12. Bynum, C.W. 1991. Fragmentation and Redemption: Essays on Gender and the Human Body in Medieval Religion. New York: Zone Books.Google Scholar
  13. Bynum, C.W. 1982. Jesus as Mother: Studies in the Spirituality of the Middle Ages. Berkeley, CA: University of California Press.Google Scholar
  14. Cadden, J. 1993. Meanings of Sex Difference in the Middle Ages: Medicine, Science, and Culture. Cambridge, UK: Cambridge University Press.Google Scholar
  15. Colledge, E. and J. Walsh, trans. 1978. Julian of Norwich’s Showings. New York: Paulist Press.Google Scholar
  16. Dinshaw, C. 1999. Getting Medieval: Sexualities and Communities, Pre- and Postmodern. Durham, NC: Duke University Press.CrossRefGoogle Scholar
  17. Gillespie, V. and M. Ross. 2011. The Apophatic image: The Poetics of Effacement in Julian of Norwich. In Looking in Holy Books: Essays on Late Medieval Religious Writing in England, 277–305. Turnhout, Belgium: Brepols.Google Scholar
  18. Holloway, J.B. 2016. Julian Among the Books: Julian of Norwich’s Theological Library. Newcastle Upon Tyne, UK: Cambridge Scholars Press.Google Scholar
  19. Julian of Norwich. [c. 1380] 2006. The Writings of Julian of Norwich: A Vision Showed to a Devout Woman and a Revelation of Love, eds. N. Watson and J. Jenkins. University Park, PA: Penn State University Press.Google Scholar
  20. Julian of Norwich. [c.1380] 1978. Showings, trans. E. Colledge and J. Walsh. New York: Paulist Press.Google Scholar
  21. Krylova, A. 2016. Gender Binary and the Limits of Poststructuralist Method. Gender and History 28(2): 307–23.CrossRefGoogle Scholar
  22. McAvoy, L.H. 2004. Authority and the Female Body in the Writings of Julian of Norwich and Margery Kempe. Woodbridge, UK: Boydell Press.Google Scholar
  23. McNamer, S. 1989. The Exploratory Image: God as Mother in Julian of Norwich’s Revelations of Divine Love. Mystics Quarterly 15(1): 21–28.Google Scholar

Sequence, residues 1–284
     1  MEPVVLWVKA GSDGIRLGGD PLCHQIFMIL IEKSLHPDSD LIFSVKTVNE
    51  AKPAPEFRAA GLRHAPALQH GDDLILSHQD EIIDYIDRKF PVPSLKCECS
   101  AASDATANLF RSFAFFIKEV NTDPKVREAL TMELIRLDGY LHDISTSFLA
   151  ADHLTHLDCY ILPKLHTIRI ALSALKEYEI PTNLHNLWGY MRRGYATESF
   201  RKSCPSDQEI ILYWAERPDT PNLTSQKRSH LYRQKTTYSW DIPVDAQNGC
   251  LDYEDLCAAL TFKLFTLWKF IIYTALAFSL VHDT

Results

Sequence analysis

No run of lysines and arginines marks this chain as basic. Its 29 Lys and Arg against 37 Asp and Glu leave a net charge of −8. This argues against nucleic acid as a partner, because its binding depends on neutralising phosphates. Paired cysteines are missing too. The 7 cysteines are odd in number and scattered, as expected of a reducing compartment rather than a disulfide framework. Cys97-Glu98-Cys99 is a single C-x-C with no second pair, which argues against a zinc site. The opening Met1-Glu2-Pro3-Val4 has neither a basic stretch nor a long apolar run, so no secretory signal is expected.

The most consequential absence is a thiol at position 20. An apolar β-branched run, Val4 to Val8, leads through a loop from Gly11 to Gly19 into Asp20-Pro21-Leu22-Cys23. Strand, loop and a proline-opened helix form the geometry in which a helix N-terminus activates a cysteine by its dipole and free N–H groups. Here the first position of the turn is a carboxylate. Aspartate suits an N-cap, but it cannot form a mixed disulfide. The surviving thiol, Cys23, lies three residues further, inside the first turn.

24. Meijer, I.C. and B. Prins. 1998. How Bodies Come to Matter: An Interview with Judith Butler. Signs 23(2): 275–86.CrossRefGoogle Scholar
  25. Peterson, C. 2006. The Return of the Body: Judith Butler’s Dialectical Corporealism. Discourse 28(2/3): 153–77.Google Scholar
  26. Pseudo-Dionysius the Areopagite. [c. 500] 1980. The Divine Names and Mystical Theology, trans. J. D. Jones. Milwaukee, WI: Marquette University Press.Google Scholar
  27. Salih, S. 2008. Julian’s Afterlives. In A Companion to Julian of Norwich, ed. L.H. McAvoy, 208–18. Suffolk, UK: Boydell & Brewer Ltd.Google Scholar
  28. Sinfield, A. 1994. Cultural Politics – Queer Reading. Philadelphia, PA: University of Pennsylvania Press.CrossRefGoogle Scholar
  29. Tauler, J. 1985. Sermons, trans. M. Shrady. New York: Ramsey.Google Scholar
  30. Turner, D. 2011. Julian of Norwich: Theologian. New Haven, CT: Yale University Press.Google Scholar
  31. Watson, N. 1993. The Composition of Julian of Norwich’s Revelation of Love. Speculum 68(3): 637–83.CrossRefGoogle Scholar
  32. Watson, N. 1996. ‘Yf Women Be Double Naturally’: Remaking ‘Woman’ in Julian of Norwich’s Revelation of Love. Exemplaria 8(1): 1–34.CrossRefGoogle Scholar
  33. Wogan-Browne, J. 1994. Chaste Bodies: Frames and Experiences. In Framing Medieval Bodies, eds. S. Kay and M. Rubin, 24–42. Manchester, UK: Manchester University Press.Google Scholar

Copyright information

© Macmillan Publishers Ltd., part of Springer Nature 2018

Authors and Affiliations

  1. 1.Centre for Medieval StudiesUniversity of TorontoTorontoCanada

Personalised recommendations